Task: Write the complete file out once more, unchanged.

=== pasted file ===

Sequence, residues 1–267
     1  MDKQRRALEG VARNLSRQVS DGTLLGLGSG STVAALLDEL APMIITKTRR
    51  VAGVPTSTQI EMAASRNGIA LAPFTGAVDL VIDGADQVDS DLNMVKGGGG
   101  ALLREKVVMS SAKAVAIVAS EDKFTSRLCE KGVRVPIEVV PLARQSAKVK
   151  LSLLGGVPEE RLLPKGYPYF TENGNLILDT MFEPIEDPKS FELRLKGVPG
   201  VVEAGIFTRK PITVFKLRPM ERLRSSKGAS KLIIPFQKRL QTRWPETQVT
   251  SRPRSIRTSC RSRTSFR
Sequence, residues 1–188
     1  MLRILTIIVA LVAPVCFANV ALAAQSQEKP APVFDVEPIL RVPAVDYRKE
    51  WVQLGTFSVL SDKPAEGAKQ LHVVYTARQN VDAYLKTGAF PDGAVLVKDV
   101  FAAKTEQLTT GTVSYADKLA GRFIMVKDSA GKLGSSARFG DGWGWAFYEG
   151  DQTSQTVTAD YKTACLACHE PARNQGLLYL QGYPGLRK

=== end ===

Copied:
Sequence, residues 1–267
     1  MDKQRRALEG VARNLSRQVS DGTLLGLGSG STVAALLDEL APMIITKTRR
    51  VAGVPTSTQI EMAASRNGIA LAPFTGAVDL VIDGADQVDS DLNMVKGGGG
   101  ALLREKVVMS SAKAVAIVAS EDKFTSRLCE KGVRVPIEVV PLARQSAKVK
   151  LSLLGGVPEE RLLPKGYPYF TENGNLILDT MFEPIEDPKS FELRLKGVPG
   201  VVEAGIFTRK PITVFKLRPM ERLRSSKGAS KLIIPFQKRL QTRWPETQVT
   251  SRPRSIRTSC RSRTSFR
Sequence, residues 1–188
     1  MLRILTIIVA LVAPVCFANV ALAAQSQEKP APVFDVEPIL RVPAVDYRKE
    51  WVQLGTFSVL SDKPAEGAKQ LHVVYTARQN VDAYLKTGAF PDGAVLVKDV
   101  FAAKTEQLTT GTVSYADKLA GRFIMVKDSA GKLGSSARFG DGWGWAFYEG
   151  DQTSQTVTAD YKTACLACHE PARNQGLLYL QGYPGLRK